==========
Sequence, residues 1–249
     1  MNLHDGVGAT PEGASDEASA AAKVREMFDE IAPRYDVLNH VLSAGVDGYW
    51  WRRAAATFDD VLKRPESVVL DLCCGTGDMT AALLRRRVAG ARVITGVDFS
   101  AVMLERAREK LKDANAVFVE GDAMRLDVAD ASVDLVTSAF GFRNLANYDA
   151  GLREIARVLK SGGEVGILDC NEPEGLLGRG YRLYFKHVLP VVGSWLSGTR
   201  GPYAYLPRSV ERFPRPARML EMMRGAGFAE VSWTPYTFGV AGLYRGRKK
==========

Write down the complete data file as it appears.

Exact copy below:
Sequence, residues 1–249
     1  MNLHDGVGAT PEGASDEASA AAKVREMFDE IAPRYDVLNH VLSAGVDGYW
    51  WRRAAATFDD VLKRPESVVL DLCCGTGDMT AALLRRRVAG ARVITGVDFS
   101  AVMLERAREK LKDANAVFVE GDAMRLDVAD ASVDLVTSAF GFRNLANYDA
   151  GLREIARVLK SGGEVGILDC NEPEGLLGRG YRLYFKHVLP VVGSWLSGTR
   201  GPYAYLPRSV ERFPRPARML EMMRGAGFAE VSWTPYTFGV AGLYRGRKK